Avoiding monomorphisations for structurally-equivalent types


(This is a toy example only to illustrate a single point.)

Consider the following C++ code. It defines two types Foo and Bar that are mutually-incompatible in the sense that neither can be replaced with the other. Both have two common methods large_foo() and complex_bar that are large/complex enough to not be inlined. The code as written communicates (by use of a common base class) that these types are structurally equivalent, and I only one copy of each method is needed in the binary. (Now, keep in mind that there may be many more structurally-equivalent types and I am paying attention to how much code would need to be added for each type.)

#include <iostream>
using namespace std;

struct Base {
  Base(int val): val_(val) { }
  int val() const { return val_; }

  void large_foo() const {
    cout << "I am large! " << this->val() << endl;

  void complex_bar() {
    cout << "I am complex and self-modifying! " << this->val() << endl;

  int val_;

struct Foo: public Base {
  Foo(int val): Base(val) {}

struct Bar: public Base {
  Bar(int val): Base(val) {}

int main() {
  Foo f(1);
  Bar b(2);

Below my attempt to do something similar in rust (playground link). I find my attempt quite a bit more repetitive, though some – though not all – of it can be handled with macros. And, as far as I can see, the compiler would have to be quite a bit smarter to generate only one version of large_foo() and complex_bar() for both. I don’t really read LLVM IR, so it wasn’t entirely obvious whether the IR contained only one version or two.

pub trait Base {
  fn new(val: i32) -> Self;
  fn val(&self) -> i32;

pub struct Foo { val: i32 }

impl Base for Foo {
  fn new(val: i32) -> Self { Foo { val: val } }
  fn val(&self) -> i32 { self.val }

pub struct Bar { val: i32 }

impl Base for Bar {
  fn new(val: i32) -> Self { Bar { val: val } }
  fn val(&self) -> i32 { self.val }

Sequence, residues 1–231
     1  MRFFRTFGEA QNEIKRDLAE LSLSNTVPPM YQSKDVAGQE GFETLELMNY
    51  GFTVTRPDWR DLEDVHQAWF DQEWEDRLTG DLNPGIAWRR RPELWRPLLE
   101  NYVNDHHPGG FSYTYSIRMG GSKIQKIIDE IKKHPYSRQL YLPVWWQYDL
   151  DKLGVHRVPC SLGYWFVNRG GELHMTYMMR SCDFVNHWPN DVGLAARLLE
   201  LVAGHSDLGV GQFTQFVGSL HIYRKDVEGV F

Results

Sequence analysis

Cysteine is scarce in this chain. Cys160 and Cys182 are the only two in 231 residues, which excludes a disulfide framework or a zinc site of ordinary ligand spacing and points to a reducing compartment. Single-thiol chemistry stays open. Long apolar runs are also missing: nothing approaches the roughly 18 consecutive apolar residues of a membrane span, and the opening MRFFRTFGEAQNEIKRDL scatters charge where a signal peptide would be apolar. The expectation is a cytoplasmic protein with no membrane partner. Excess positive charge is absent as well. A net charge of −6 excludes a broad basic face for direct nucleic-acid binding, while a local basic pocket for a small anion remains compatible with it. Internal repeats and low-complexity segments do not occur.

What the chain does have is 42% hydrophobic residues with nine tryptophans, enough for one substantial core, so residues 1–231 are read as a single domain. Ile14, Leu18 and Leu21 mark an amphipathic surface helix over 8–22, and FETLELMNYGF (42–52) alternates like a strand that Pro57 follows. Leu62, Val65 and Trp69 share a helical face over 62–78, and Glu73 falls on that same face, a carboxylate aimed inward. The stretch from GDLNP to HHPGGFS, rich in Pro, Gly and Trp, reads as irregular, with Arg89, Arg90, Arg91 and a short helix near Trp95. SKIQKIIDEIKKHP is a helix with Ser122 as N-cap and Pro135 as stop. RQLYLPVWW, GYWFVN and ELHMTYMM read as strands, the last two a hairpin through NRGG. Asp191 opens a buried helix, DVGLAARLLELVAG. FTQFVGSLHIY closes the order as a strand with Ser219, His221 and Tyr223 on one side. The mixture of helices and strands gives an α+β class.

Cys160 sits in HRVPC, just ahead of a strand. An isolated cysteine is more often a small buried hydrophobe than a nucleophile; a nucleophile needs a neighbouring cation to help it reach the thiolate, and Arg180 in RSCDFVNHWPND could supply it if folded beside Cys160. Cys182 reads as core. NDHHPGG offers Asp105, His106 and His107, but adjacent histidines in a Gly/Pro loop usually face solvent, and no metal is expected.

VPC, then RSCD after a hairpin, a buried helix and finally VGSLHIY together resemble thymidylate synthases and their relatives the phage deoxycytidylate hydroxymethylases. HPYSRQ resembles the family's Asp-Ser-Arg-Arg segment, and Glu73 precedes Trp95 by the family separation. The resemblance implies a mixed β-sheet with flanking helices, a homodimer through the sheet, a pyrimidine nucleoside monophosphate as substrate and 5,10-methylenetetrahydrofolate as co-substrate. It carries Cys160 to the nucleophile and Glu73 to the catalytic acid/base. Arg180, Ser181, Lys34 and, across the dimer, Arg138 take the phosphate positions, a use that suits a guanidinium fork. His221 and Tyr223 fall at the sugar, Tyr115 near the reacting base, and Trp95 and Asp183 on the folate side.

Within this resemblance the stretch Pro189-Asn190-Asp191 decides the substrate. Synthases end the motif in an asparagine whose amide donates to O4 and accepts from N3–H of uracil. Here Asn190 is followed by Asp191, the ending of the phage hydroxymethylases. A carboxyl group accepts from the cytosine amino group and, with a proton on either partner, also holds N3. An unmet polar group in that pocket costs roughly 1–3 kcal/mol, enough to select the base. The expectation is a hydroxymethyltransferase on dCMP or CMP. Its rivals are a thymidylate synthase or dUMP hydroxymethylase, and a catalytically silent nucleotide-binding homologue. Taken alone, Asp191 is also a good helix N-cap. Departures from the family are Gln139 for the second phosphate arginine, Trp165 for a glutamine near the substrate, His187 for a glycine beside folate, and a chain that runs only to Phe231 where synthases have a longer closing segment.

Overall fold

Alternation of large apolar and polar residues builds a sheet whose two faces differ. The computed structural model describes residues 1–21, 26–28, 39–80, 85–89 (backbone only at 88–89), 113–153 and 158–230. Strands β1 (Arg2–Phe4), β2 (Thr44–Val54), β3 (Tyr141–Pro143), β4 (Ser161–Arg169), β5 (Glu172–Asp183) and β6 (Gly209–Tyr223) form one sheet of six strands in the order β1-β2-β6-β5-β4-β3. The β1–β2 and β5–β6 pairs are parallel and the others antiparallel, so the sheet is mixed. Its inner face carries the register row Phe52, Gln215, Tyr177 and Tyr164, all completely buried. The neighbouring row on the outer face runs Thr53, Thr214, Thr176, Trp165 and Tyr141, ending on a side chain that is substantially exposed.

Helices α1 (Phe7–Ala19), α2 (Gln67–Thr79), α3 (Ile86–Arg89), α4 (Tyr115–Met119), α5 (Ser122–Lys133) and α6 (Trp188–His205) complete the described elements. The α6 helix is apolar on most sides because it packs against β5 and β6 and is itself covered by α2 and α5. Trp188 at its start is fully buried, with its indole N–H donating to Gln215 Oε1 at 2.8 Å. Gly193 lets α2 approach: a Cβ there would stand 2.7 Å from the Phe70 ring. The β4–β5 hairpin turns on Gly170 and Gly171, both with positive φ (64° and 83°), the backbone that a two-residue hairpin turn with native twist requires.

pub trait TraitWithLargeComplexMethods {
  fn large_foo(&self);
  fn complex_bar(&mut self);

impl<T: Base> TraitWithLargeComplexMethods for T {
  fn large_foo(&self) {
    println!("I am large! {}", self.val());
  fn complex_bar(&mut self) {
    println!("I am complex and self-modifying! {}", self.val());

fn main() {
  let mut i1 = Foo::new(1);
  let mut i2 = Bar::new(2);

So my question is: Can I ensure a single implementation of large_foo() and complex_bar() without a tremendous amount of verbosity? I can imagine a more compositional approach with a tuple struct struct Foo(BaseStruct) where BaseStruct implements all the methods, but then we which would then have to implement (inlineable) forwarding methods to large_foo() and complex_bar() to implement TraitWithLargeComplexMethods. But that seems a lot of machinery for each implemented trait (which, admittedly, could be automated with macros per trait).

Actually, that reminds me: D supports forwarding methods to a field with alias this, if that’s any inspiration. Rust equivalent of this could be some sort of Trait delegation to a member that implements the trait. Aaand…a little search brought me to https://github.com/rust-lang/rfcs/issues/292 which seems to have been closed for some reason. Is this feature already supported somehow?


It does indeed generate two copies of each function.

Look again - the issue you linked to is not closed.